City centres are bouncing back – here’s what it means for our unit market in 13 Charts

Since the announcement that the country would welcome back overseas migrants and students, there has been a shift in interest in the unit market, particularly in the centre of our major cities.

Eleanor Creagh, senior economist at REA Group, has pulled data for 13 charts to show the current state of Australia’s unit market and where it’s heading.

Extreme divergence between house and unit prices

Unit prices in both regional markets and combined capital cities racked up double-digit price growth last year, but that growth still greatly lagged houses and has done since the onset of the pandemic, Creagh explained.

As of March 2022, Australia’s median capital city house value was $850,000, compared to a median unit value of $590,000.

This marks a 44% difference – the highest gap on record.

However with affordability constraints kicking in, it’s like he did more buyers will turn to townhouses and apartments as houses are now out of their Rich, and this gap will narrow.

Unit price growth lags house price growth

PropTrack’s Home Price Index shows that national house values have appreciated 39% to March 2022 since the pandemic onset, whilst unit values have risen just 16% in the same period.

And the impact of the pandemic on housing preferences has clearly played a part.

As we already know, lifestyle suburbs have surged in popularity as many people make the sea- or tree-change shift to regional areas with close proximity to the CBD becoming less and less important thanks to our new flexible living.

At the same time, the pandemic made people re-evaluate what they want in a home.

Repeated lockdowns and the shift to working from home saw buyers flock to properties that offered more space, making house prices surge and leaving demand for units behind in the dust.

Buyers want properties with more space

The Covid-19 pandemic restrictions significantly changed homeownership goals and what Australians want most in their next home.

With more Australians working from home and juggling school and family commitments under one roof, spacious living fast became the top priority.

As a result, the price gap between units and houses has completely blown out since the pandemic hit.

Low interest rates have also provided an affordability boost for many, allowing people to service more debt, therefore increasing the capacity to purchase a house as opposed to a unit, Creagh explained.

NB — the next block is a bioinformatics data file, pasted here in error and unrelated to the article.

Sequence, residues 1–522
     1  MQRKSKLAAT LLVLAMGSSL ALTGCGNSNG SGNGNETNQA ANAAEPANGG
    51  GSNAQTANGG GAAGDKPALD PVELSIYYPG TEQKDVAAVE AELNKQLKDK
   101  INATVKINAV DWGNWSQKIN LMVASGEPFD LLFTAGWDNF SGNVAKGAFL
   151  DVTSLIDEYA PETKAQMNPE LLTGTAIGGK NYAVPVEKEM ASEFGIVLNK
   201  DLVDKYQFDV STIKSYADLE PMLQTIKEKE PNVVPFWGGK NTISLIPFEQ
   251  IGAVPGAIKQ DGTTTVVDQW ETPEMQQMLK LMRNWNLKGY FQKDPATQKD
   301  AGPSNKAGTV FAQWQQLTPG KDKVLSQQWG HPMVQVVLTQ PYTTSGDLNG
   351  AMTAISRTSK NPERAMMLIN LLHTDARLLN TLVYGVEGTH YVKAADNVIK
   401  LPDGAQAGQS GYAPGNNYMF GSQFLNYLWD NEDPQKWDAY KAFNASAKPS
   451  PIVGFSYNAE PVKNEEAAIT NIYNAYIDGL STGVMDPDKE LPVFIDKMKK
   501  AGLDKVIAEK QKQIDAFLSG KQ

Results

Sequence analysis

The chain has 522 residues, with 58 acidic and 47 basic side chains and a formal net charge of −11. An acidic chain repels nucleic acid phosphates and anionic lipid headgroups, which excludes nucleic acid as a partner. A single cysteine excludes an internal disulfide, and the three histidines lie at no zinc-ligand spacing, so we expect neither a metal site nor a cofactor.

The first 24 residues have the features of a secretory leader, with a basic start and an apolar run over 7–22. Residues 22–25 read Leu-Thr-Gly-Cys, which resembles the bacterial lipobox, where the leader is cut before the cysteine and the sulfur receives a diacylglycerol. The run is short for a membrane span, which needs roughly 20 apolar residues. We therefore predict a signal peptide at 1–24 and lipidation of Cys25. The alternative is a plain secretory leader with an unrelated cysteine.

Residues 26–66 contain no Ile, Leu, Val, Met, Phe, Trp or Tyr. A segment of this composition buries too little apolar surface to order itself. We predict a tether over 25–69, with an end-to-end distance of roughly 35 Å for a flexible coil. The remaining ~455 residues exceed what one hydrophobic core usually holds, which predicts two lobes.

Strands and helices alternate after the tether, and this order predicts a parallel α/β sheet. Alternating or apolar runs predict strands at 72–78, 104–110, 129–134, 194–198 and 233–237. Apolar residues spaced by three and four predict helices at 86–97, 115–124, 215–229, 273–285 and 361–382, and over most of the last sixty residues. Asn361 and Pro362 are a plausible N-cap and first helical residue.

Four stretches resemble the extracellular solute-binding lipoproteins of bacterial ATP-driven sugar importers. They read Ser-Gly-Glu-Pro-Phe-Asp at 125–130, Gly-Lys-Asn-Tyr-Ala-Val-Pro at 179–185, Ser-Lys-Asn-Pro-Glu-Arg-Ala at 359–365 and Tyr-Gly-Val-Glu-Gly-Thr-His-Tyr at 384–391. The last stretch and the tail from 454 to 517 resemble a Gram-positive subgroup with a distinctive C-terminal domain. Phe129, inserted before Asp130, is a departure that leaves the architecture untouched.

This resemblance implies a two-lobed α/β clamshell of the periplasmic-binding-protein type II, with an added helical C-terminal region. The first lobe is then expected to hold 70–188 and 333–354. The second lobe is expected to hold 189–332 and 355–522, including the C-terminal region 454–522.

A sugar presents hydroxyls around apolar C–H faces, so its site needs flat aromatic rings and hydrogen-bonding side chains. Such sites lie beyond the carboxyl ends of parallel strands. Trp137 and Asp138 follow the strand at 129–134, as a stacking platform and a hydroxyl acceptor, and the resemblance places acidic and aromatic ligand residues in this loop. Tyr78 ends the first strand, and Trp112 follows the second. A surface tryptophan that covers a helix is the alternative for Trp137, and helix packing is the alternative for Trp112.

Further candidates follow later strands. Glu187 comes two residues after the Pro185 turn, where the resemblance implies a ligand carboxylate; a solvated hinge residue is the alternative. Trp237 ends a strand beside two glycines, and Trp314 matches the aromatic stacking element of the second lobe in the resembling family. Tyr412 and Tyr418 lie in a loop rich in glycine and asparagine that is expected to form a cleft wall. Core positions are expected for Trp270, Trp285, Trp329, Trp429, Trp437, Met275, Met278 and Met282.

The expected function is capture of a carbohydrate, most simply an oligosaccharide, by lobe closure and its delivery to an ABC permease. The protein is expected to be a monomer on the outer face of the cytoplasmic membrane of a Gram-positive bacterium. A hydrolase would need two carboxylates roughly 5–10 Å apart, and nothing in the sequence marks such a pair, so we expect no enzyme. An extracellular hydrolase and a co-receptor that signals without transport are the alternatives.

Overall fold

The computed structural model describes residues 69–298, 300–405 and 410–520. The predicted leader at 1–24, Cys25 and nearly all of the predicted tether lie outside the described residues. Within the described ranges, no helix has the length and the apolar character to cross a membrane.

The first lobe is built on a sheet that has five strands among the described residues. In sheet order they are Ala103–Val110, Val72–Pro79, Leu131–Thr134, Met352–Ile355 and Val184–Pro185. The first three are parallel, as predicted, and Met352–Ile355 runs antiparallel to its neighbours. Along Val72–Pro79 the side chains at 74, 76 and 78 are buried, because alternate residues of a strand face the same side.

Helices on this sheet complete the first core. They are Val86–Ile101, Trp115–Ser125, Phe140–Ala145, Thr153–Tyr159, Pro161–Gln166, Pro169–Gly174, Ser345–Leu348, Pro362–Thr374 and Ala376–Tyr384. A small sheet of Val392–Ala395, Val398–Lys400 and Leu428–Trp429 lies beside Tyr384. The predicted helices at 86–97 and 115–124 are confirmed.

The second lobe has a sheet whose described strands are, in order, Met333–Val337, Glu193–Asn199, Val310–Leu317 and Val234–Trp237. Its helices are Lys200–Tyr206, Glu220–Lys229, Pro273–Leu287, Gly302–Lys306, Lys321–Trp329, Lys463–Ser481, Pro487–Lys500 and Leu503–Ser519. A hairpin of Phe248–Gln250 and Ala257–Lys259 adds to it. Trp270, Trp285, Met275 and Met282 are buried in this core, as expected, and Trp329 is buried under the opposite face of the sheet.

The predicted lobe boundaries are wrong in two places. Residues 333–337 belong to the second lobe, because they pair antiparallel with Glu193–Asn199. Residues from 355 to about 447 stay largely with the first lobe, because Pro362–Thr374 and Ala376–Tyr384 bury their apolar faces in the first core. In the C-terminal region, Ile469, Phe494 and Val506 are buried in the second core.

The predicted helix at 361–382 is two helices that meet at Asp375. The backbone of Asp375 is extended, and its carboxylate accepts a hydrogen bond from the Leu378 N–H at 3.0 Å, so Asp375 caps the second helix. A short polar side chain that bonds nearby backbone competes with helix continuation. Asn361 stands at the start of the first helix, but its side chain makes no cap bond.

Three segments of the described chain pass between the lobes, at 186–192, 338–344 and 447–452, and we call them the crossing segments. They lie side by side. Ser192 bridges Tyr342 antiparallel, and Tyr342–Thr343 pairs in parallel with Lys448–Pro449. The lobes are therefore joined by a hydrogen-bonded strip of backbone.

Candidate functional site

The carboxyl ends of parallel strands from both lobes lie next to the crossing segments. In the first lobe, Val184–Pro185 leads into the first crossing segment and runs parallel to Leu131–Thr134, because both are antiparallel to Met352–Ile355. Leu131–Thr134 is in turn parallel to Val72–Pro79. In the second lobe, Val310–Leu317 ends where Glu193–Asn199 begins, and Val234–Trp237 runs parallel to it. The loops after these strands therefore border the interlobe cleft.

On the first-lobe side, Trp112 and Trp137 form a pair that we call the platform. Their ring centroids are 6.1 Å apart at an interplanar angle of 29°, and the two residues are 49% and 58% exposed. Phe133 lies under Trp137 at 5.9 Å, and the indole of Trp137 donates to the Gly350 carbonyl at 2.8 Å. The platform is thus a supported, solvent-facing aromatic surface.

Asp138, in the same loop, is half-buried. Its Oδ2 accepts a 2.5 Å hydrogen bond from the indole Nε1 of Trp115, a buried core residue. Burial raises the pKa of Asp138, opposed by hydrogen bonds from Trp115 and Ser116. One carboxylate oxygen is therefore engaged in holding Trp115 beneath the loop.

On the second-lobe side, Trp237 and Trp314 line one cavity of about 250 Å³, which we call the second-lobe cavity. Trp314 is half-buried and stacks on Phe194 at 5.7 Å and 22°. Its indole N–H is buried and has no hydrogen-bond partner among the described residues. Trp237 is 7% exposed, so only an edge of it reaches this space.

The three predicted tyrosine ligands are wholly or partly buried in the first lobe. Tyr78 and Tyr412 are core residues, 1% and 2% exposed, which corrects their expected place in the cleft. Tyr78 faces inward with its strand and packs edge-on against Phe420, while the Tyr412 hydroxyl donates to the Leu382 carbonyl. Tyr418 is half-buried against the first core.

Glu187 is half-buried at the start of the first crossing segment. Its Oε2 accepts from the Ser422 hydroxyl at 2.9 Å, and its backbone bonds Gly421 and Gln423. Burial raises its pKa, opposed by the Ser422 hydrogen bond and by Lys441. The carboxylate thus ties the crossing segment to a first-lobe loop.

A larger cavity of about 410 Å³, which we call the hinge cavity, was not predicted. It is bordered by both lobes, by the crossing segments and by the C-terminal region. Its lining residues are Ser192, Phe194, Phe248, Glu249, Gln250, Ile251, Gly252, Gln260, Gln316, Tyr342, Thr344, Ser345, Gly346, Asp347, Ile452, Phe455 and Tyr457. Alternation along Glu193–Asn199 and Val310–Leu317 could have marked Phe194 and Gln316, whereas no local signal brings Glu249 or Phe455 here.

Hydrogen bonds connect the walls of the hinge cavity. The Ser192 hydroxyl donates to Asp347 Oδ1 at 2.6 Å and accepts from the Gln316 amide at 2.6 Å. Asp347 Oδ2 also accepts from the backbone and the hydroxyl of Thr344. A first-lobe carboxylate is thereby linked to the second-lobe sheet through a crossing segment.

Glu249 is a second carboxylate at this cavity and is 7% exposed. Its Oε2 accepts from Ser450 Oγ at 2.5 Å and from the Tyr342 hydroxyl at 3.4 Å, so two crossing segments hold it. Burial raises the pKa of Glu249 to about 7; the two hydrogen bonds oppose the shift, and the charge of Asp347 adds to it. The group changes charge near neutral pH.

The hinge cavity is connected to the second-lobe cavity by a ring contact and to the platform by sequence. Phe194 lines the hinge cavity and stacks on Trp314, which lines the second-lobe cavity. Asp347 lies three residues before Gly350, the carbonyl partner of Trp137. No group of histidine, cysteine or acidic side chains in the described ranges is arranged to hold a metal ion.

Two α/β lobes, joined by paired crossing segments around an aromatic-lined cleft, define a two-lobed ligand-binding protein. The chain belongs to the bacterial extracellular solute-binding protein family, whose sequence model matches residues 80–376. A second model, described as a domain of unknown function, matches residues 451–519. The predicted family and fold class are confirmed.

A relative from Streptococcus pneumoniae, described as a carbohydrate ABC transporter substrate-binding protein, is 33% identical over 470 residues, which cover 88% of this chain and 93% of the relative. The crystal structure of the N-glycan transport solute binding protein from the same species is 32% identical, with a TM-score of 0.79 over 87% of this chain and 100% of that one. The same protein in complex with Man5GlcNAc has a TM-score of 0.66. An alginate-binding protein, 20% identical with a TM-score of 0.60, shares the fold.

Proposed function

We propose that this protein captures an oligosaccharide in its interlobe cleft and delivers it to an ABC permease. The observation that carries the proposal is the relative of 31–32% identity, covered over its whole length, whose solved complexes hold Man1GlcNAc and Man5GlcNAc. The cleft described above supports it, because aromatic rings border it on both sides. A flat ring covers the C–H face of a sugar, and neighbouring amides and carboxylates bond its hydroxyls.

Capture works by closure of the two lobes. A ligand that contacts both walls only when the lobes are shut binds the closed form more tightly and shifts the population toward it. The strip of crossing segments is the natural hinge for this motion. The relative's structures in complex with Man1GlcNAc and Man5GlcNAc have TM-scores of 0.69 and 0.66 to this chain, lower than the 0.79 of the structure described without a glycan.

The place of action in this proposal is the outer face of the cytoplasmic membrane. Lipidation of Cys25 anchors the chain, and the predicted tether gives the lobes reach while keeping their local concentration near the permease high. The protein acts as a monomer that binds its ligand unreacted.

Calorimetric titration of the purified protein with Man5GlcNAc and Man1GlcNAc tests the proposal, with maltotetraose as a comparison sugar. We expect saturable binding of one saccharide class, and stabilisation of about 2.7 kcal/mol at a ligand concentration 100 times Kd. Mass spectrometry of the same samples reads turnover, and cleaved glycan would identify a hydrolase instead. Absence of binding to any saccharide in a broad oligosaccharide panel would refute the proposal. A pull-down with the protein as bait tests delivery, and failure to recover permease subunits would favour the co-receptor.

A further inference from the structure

Other factors that have contributed to the relative weakness in the apartment market are lower levels of investor participation, less overseas demand, and weaker rental conditions in inner-city markets.

Investor activity hits a record low

The weaker unit market, extreme difference in prices and overall weakness of the apartment market has been further exacerbated by a record-low level of investor activity in 2020.

These changes culminated in a shifting preference bias towards houses, with a premium being paid for these options, Creagh explained.

And the house price premium is most extreme in Canberra and Sydney where there is currently a price gap of more than 75% between houses and units in both cities.

Investor share of new housing lending, seasonally adjusted

House price premiums in major cities

The house price premium relative to the median unit price is most extreme in Canberra and Sydney.

And the data also shows that the house price premium extended the most throughout the pandemic in the inner Brisbane suburbs.

Here the inner-city price gap between houses and units has widened 50 percentage points since the start of the pandemic, Creagh said.

Premiums in the inner Brisbane suburbs extended the most

Creagh suggests that the extension could be a result of elevated levels of interstate migration into Queensland.

Like the sea-change shift we talked about earlier, the pandemic saw a surge in migration to the sunshine state in search of more affordable housing and lifestyle perks like more sun, less traffic and relatively less time in lockdown.

For the year to September 2021, Queensland added 58,000 people to its population.

That means Queensland’s total population growth increased by 1,100 people every week.

Will it continue?

The recent flooding; cooling NSW and Victorian housing markets; office callbacks and the removal of most Covid-related restrictions will most likely see interstate migration patterns settle back down to the longer-term averages.

House price premium most extreme in inner-city suburbs

Since the start of the pandemic through to March 2022, Brisbane house values have increased a staggering 48%, compared to just 15% for units, Creagh’s data shows.

“In fact, the unit price gap is most pronounced in weakened inner-city apartment markets, where a standstill on international migration and sharp declines in demand from tenants broadly have seen a drop-off in activity among prospective renters and buyers,” she said.

Overseas “for rent” search volumes have increased off low levels in recent months